Wednesday, December 11, 2013

CCDP - ARCH - Route filtering

Filter routes inbound to a router via a 'distribute-list' cmd to prevent inbound rutes from being learned.

Filter routes outbound to a neighbour via a 'redistribute [protocol] [process number] route-map FILTER' cmd and a deny statement on the FILTER route-map to stop routes from being advertised towards a neighbour.

CCDP - ARCH - Migrate Routing Protocols By Manipulating the AD

High level steps to move from one RP to another by manipulating the AD:
1) Configure the new RP and manually set the AD to be Higher (and therefore less preferred) than the current RP
2) Configure all devices as necessary and then check the topology using appropriate show commands
3) Ensure the new RP has all the required routes in its database
4) Either by increasing the AD on the current RP or by reducing the AD on the New RP change the AD so that the new RP is the preferred RP to use
5) Use show commands to ensure that the new RP is populating the routing table correctly (there shouldn't be any routes learned via the old protocol - if there are some then troubleshoot accordingly)
6) Remove the old RP from the routers
7) Move to normal running

Thursday, November 14, 2013

CCDP - ARCH - UDLD (UniDirectional Link Detection):


  • Used where there are fibre links between switches (but can also be applied to Copper interfaces)
  • Interface could be seen as Up/Up but due to a mismatch on the tx/rx pairs the comms become unidirectional 
  • UDLD Normal mode error-disabled the end that detected the unidirectional state - default mode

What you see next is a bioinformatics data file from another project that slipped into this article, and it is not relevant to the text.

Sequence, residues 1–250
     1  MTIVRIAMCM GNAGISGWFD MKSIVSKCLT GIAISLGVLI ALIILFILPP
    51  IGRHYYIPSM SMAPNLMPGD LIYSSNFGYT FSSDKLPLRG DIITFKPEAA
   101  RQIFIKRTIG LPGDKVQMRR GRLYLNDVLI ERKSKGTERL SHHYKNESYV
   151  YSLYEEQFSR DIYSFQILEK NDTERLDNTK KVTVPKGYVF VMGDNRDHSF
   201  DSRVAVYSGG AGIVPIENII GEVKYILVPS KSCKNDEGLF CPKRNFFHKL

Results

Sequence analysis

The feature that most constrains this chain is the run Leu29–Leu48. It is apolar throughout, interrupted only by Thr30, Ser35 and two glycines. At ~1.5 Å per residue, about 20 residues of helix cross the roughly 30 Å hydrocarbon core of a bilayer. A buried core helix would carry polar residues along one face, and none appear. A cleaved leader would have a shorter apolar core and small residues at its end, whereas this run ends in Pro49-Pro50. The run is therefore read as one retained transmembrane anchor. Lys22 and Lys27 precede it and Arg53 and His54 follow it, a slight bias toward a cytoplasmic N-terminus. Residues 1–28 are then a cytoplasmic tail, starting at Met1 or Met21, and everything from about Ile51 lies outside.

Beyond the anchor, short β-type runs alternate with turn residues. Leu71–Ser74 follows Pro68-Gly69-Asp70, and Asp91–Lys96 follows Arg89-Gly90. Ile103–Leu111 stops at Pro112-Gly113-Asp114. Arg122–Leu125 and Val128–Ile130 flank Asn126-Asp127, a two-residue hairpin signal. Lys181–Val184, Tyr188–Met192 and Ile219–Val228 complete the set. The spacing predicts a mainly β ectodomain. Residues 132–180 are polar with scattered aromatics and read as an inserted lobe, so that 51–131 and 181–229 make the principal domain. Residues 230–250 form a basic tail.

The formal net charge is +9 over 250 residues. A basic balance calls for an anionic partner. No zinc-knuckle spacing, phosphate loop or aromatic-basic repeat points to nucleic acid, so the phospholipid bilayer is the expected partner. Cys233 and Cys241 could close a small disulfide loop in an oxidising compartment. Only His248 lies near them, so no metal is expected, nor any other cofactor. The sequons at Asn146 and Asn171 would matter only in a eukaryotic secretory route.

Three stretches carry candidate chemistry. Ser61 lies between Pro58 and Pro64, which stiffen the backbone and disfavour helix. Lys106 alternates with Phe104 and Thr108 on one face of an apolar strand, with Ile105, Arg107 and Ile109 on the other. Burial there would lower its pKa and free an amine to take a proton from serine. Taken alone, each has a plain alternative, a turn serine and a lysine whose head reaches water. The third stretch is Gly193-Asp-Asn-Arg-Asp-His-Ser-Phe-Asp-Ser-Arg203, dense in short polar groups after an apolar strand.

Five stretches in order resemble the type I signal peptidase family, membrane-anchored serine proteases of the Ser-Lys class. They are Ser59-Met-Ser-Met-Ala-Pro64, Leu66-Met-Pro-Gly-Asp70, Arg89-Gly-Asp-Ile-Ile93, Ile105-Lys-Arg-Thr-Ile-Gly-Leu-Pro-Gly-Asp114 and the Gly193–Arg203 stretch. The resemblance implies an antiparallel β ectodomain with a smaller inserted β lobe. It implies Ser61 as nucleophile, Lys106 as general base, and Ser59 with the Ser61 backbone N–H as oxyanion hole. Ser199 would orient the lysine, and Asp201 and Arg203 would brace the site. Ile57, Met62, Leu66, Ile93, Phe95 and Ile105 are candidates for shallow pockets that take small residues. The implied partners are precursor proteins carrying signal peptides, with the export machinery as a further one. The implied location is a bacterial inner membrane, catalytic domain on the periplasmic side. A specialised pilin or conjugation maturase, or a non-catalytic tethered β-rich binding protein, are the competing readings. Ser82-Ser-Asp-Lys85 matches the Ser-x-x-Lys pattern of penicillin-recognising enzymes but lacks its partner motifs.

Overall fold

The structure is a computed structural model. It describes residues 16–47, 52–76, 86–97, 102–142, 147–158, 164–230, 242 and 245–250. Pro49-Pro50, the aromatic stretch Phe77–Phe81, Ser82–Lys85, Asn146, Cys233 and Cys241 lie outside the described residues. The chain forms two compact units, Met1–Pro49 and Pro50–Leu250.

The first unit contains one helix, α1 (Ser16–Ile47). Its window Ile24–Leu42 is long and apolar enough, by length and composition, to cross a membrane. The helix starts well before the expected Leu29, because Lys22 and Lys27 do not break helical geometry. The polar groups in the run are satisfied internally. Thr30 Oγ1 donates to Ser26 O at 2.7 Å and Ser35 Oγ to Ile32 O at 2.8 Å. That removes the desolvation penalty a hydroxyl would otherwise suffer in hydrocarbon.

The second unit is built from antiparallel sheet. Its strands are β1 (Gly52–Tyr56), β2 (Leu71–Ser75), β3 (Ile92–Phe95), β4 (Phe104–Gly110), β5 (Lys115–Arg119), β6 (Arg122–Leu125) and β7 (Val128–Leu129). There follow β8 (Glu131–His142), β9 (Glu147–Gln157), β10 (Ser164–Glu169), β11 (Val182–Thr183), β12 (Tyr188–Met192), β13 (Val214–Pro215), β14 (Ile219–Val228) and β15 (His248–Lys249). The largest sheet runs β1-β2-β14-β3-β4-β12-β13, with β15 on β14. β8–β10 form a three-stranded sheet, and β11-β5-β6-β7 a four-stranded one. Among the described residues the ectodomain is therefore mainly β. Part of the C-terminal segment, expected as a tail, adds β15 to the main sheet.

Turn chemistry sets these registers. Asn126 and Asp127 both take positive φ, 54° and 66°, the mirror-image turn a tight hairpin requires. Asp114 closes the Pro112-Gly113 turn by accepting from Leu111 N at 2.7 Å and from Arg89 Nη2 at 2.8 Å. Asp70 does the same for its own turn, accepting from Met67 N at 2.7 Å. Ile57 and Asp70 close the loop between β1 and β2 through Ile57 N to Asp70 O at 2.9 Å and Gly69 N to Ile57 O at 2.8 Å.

• UDLD Agressive mode disables both ends - set it with the [agressive] switch
  • Uses 15 sec hello timer
  • Can be applied globally or on the interface


Tuesday, November 12, 2013

CCDP - ARCH - STP tools

The following tools can be used to manage STP and L2 switching loops:

  • PortFast: applied to a port connecting to an end user/host. Transitions the ports straight to forwarding
  • UplinkFast: Offers L2 link load balancing, up to 5 secs convergence time once a link fails
  • BackboneFast: Invoked when an inferor BPDU is received on a root port or blocked port. Reduces convergence times after an indirect failure.
  • Loop Guard: Stops a bridging loop by preventing an Alternate port or Root port becoming a Designated port.
  • Root Guard: Protects the Root switch by preventing other switches from taking the Root role.
  • BPDU Guard: Apply to PortFast enabled ports. If the port recieves a BPDU the port gets shutdown
  • UDLD (UniDirectional Link Detection): Detects when one-way connection exists on a copper/fibre link. Interface moves to a shutdown state and an alarm is triggered.
  • Bridge Assurance: If a port that should receive BPDU's suddenly stops receiving them the port is moved to an 'Inconsistant' state and shutdown. Prevents potential loops


Wednesday, October 16, 2013

Well Known Ports

The full range of available ports is 0 - 65536 and can be used dynamically by any application however in general ports 0 - 1024 are pre-defined and 'well known' which is to say 22 is always ssh, 80 is http and so on.

Port NumberDescription
1TCP Port Service Multiplexer (TCPMUX)
5Remote Job Entry (RJE)
7ECHO
18Message Send Protocol (MSP)
20FTP -- Data
21FTP -- Control
22SSH Remote Login Protocol
23Telnet
25Simple Mail Transfer Protocol (SMTP)
29MSG ICP
37
39
Time
RIP
42Host Name Server (Nameserv)
43WhoIs
49Login Host Protocol (Login)
53
67
68
Domain Name System (DNS)
bootps
bootpc
69Trivial File Transfer Protocol (TFTP)
70Gopher Services
79Finger
80
88
101
102
HTTP
Kerberos
Hostname
iso-tsap
103
107
X.400 Standard
rtelnet
108SNA Gateway Access Server
109POP2
110
111
113
POP3
sunrpc
auth
115
117
Simple File Transfer Protocol (SFTP)
uucp-path
118SQL Services
119
123
Newsgroup (NNTP)
NTP - Network Time Protocol
137NetBIOS Name Service
139NetBIOS Datagram Service
143Interim Mail Access Protocol (IMAP)
150NetBIOS Session Service
156SQL Server
161SNMP
179Border Gateway Protocol (BGP)
190Gateway Access Control Protocol (GACP)
194Internet Relay Chat (IRC)
197Directory Location Service (DLS)
389Lightweight Directory Access Protocol (LDAP)
396Novell Netware over IP
443HTTPS
444Simple Network Paging Protocol (SNPP)
445Microsoft-DS
458Apple QuickTime
546DHCP Client
547DHCP Server
563SNEWS
569MSN
1080Socks

Wednesday, October 2, 2013

Output Characters from PING